Some people seem to learn math easily while others struggle right out of the gate. As a result, it’s natural to wonder whether our brains are just wired differently. Now, new research from a neuroscience lab at Stanford University finds evidence that indeed, differences in brain geography strongly affect how people develop in math.
In research published in the Journal of Neuroscience in August, lead author Tanya Evans and her colleagues presented data on 43 kids, who they followed from age 8 to age 14. During that period, they repeatedly gave the kids a variety of cognitive tests (IQ, memory, math, reading) and also took scans of the children’s brains “at rest.” By comparing these brain scans to how students performed in math as they grew up, the researchers were able to begin to zero in on the brain features that aid math learning.
“In order to masterfully acquire these skills, children need a great deal of cortical territory,” says Evans, a postdoctoral fellow in the lab of neuroscientist Vinod Menon. “It’s not just a math part of the brain, it’s a network of regions.”
The researchers identified three regions of the brain that predict improvement in math learning — the posterior parietal cortex, ventrotemporal occipital cortex, and the prefrontal cortex. The volume of these regions varied between individuals; having more gray matter correlated with performing better in math over time. More surprisingly, Evans found that the connections between these three regions matter a lot, too. Even the simplest cognitive tasks draw simultaneously on multiple regions of our brains, and the researchers found that success in math was related to how well those regions form a network.
“It’s about multiple regions working in concert. The better they work in concert, the more essentially they speak to each other, the stronger the gains in numerical abilities,” says Daniel Ansari, a neuroscientist at the University of Western Ontario who studies the foundations of math learning and was not involved in this study.
The idea of using brain scans to predict math ability raises uncomfortable questions about the biological basis of achievement. Evans is quick to say that brain scans can’t be used to predict an individual’s math future. There’s too much variety in anatomical brain development and too many different ways a math education can unfold. In this way, the information revealed in brain scans is similar to health risk-factors in medicine. The BRCA1 gene, for instance, conveys a risk for breast cancer, but isn’t at all deterministic, and understanding its role in cancer development opens up pathways for intervention.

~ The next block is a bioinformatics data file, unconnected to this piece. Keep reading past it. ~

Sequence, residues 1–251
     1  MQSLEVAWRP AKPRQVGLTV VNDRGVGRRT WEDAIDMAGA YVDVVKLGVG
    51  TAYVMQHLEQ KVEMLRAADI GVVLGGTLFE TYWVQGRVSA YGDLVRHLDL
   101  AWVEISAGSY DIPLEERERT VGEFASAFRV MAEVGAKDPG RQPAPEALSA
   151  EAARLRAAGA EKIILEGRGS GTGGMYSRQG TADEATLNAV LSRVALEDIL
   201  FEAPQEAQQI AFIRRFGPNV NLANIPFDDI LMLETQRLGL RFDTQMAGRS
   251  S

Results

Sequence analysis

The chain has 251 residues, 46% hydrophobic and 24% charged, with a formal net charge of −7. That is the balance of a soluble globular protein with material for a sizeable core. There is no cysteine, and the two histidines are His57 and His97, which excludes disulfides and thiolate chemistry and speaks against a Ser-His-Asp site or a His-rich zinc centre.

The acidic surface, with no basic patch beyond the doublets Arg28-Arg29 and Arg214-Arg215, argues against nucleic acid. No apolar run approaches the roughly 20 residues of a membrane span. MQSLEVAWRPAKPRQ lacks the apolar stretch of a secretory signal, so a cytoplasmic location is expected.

“There’s a remarkable amount of heterogeneity in how each kid can end up,” Evans says. “That’s pretty promising for parents. Just because at this age my kid is not performing as well as I’d like them to doesn’t necessarily set them on a path to do poorly.”
In fact, a major implication of this research is that it should be possible to improve kids’ abilities to learn math if you know something about how their brains are designed. Similar work is already being done with reading. Researchers have identified the features of the brain that are abnormal in children with developmental dyslexia. They’ve also been able to design activities that actually reform those parts of the brain and make learning to read easier.
Evans and her colleagues envision using brain scans to identify children who are at-risk for struggling in math (rather than destined to struggle) and providing those children with interventions that reshape their brains.
“Our goal is to utilize brain research to inform us about the areas that are important for skill development and allow us to be able to design interventions for kids who are struggling,” says Evans.
Progress toward that point is likely to take awhile. Studies like this most recent one advance our understanding of how the brain works and also reveal the brain to be an even more complex place than we imagined — especially when it comes to how regions work together. Given that, a brain scan and matching interventions for every child, “is kind of science fiction at this point,” says Ansari, “but these findings are laying the groundwork.”
Kevin Hartnett is a writer in South Carolina. He can be reached at firstname.lastname@example.org.
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